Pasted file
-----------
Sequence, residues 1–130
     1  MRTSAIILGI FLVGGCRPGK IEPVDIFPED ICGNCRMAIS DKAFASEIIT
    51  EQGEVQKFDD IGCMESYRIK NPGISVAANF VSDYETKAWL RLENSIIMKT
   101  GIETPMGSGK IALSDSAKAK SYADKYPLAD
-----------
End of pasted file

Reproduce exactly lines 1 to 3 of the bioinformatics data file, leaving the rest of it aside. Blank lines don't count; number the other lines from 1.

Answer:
Sequence, residues 1–130
     1  MRTSAIILGI FLVGGCRPGK IEPVDIFPED ICGNCRMAIS DKAFASEIIT
    51  EQGEVQKFDD IGCMESYRIK NPGISVAANF VSDYETKAWL RLENSIIMKT